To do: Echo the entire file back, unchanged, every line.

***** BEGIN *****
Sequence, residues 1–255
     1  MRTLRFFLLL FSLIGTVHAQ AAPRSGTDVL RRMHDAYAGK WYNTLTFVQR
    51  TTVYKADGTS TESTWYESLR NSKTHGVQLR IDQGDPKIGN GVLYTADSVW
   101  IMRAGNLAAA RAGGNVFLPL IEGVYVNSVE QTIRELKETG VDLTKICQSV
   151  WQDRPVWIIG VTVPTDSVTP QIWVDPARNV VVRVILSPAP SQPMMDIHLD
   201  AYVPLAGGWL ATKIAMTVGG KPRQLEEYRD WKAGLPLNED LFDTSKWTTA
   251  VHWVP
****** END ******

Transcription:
Sequence, residues 1–255
     1  MRTLRFFLLL FSLIGTVHAQ AAPRSGTDVL RRMHDAYAGK WYNTLTFVQR
    51  TTVYKADGTS TESTWYESLR NSKTHGVQLR IDQGDPKIGN GVLYTADSVW
   101  IMRAGNLAAA RAGGNVFLPL IEGVYVNSVE QTIRELKETG VDLTKICQSV
   151  WQDRPVWIIG VTVPTDSVTP QIWVDPARNV VVRVILSPAP SQPMMDIHLD
   201  AYVPLAGGWL ATKIAMTVGG KPRQLEEYRD WKAGLPLNED LFDTSKWTTA
   251  VHWVP